Current Title and Department: PhD Candidate, Biomedical Engineering
Current Employer: Cornell University
Undergraduate Degree, University: Chemical and Biological Engineering, University of New Mexico
Graduate Degree, University: PhD in Biomedical Engineering, Cornell University
Post-doctoral Position: N/A
Past Employers: Sandia National Laboratories, University of New Mexico Hospital
Mentors: Dr. Chad Staiger (SNL), Dr. Christina Salas (UNMH), Dr. Lawrence Bonassar (Cornell)

Could you describe the path you’ve taken in meniscus research? How did it evolve?
I started my studies in chemical engineering working with materials for battery applications. I realized that I enjoyed studying materials and material properties but wanted to apply this to human health and biology. I began working with Dr. Christina Salas at the University of New Mexico on some potential materials for meniscus replacement in my last year of undergrad. When I applied to grad school, my goal was to continue working with orthopaedic tissues and I began my studies with Dr. Bonassar where I worked on improving the ECM structure in tissue-engineered menisci.

When you started in meniscus research, what was your biggest question? Do you think it’s answered?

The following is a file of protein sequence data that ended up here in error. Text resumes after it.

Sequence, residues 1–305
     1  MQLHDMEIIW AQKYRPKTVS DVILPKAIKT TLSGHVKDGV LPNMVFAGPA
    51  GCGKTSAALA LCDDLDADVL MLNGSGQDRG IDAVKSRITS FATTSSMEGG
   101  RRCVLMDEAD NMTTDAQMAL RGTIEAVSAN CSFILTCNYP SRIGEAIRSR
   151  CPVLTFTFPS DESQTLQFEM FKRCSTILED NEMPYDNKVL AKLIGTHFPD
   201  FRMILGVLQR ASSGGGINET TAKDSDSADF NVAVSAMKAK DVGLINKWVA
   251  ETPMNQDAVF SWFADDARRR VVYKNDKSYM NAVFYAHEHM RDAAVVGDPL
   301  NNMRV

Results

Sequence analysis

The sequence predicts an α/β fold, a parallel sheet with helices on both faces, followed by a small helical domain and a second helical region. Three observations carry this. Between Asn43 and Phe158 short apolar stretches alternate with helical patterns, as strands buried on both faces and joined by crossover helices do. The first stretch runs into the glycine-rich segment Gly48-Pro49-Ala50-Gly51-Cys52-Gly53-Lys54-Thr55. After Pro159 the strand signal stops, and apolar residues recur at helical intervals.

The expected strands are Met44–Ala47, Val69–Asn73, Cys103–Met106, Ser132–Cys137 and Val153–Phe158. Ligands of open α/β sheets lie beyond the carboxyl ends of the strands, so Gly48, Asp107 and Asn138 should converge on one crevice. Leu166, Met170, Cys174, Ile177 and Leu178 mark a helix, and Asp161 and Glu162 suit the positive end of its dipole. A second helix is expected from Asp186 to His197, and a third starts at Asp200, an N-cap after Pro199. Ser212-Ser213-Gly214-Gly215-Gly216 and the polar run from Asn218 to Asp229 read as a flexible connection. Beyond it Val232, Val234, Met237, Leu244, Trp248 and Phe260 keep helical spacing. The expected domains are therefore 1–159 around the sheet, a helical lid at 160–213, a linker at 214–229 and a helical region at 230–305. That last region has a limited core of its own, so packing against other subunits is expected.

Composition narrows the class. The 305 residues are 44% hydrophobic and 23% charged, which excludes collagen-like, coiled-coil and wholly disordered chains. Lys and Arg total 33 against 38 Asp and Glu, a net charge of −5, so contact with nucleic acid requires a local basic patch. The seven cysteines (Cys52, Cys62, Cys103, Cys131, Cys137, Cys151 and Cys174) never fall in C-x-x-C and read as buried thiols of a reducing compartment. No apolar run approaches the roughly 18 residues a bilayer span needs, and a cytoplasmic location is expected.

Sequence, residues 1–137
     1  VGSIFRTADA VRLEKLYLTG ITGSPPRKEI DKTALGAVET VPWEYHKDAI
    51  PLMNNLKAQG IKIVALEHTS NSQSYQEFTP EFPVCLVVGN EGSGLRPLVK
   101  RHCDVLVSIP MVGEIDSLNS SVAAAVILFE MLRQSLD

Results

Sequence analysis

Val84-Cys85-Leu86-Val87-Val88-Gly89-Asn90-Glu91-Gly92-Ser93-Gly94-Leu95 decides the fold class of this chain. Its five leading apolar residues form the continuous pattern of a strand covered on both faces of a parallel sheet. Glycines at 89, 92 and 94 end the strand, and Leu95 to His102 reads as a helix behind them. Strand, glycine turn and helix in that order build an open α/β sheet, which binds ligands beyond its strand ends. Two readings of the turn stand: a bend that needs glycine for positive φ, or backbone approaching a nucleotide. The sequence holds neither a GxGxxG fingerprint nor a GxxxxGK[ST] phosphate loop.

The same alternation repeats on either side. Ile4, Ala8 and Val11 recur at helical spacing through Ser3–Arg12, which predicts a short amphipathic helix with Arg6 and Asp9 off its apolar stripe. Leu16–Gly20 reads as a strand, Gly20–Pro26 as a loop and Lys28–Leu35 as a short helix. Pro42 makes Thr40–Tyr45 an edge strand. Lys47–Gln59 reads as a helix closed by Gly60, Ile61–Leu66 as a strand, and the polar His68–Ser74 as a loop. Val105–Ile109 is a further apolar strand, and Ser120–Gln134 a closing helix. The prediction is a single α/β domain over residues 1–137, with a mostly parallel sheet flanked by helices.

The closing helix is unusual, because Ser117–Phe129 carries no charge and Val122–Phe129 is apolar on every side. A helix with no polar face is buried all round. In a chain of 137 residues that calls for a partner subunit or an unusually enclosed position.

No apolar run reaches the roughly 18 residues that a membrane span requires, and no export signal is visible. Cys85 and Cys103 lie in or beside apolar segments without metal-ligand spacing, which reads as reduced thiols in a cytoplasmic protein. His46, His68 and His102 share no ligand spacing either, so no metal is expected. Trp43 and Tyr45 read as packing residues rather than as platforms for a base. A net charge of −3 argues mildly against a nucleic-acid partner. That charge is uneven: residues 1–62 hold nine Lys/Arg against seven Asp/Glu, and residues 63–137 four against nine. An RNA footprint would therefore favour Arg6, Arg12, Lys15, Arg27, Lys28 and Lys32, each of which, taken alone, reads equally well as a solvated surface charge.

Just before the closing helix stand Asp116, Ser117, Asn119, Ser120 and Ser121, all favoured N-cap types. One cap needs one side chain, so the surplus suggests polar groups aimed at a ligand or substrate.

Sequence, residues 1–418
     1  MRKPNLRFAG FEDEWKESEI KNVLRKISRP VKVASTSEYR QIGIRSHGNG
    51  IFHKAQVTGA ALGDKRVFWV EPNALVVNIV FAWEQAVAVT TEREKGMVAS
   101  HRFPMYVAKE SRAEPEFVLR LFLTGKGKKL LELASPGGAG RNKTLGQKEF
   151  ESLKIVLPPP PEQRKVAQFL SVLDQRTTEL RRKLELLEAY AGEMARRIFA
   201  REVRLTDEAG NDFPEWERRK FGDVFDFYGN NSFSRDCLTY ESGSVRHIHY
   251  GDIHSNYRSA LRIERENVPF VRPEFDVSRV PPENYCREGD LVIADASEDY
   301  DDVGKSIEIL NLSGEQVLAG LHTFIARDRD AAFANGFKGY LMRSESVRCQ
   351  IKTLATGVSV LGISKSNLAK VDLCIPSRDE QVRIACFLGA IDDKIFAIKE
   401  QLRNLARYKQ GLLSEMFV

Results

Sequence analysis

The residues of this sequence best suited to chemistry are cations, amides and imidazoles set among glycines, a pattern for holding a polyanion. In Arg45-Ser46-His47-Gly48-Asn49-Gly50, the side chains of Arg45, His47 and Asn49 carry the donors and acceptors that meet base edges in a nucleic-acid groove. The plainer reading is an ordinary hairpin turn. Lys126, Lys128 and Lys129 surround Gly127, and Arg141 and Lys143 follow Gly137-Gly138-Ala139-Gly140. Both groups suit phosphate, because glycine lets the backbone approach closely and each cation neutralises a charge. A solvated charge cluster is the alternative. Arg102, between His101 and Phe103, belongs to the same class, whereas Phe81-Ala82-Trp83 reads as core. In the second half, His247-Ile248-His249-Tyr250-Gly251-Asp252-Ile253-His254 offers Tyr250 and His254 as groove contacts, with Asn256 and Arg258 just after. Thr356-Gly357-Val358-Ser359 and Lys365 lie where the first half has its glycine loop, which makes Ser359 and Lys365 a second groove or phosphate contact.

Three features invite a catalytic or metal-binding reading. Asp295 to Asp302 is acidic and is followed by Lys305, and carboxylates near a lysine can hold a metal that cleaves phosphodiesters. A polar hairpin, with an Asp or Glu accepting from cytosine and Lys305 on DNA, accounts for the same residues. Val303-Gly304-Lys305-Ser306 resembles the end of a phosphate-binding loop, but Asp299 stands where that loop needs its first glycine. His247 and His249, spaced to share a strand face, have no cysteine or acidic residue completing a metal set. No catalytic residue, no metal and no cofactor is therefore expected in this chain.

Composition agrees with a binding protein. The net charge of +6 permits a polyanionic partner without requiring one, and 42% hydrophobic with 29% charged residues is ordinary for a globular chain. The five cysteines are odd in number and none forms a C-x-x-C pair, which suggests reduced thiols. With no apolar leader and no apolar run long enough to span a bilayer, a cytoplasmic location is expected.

My initial questions in meniscus research were what types of materials would be best for meniscus replacement and what are the most important aspects of the meniscus to recapitulate when searching for these materials?

What collaboration was the most unexpected of your career? How did it impact your work today?
I don’t have any super unexpected collaborations, but I am fortunate to be able to work with a very diverse and interdisciplinary team. Our group collaborates with folks from material science engineering, chemical engineering, the veterinary school, clinicians, and more. It’s been valuable for me to have a wide variety of mentors and peers to work with, both for help on my thesis projects and as mentors for developing as a scientist.

In your opinion, what is the current open question in the meniscus field right now?
What are the tools we need to improve extracellular matrix organization and subsequent mechanical properties in the context of creating robust tissue-engineered replacements?

What advice would you give investigators who are just starting out in the field?
Stay curious and don’t be afraid to fail. You often learn the most from your mistakes.

When you’re not in the lab, what do you like to do for fun?
My favorite thing to do out of lab is to be outside. I like to spend as much of my free time as possible hiking, kayaking, or doing something with my dog. If I’m not outside then I’m probably baking, reading, or crocheting.

What is the most unusual/unexpected item sitting on your desk right now?
The most unexpected item on my desk is probably our lab calendar! It features pretty images that my lab mates have taken over the past year.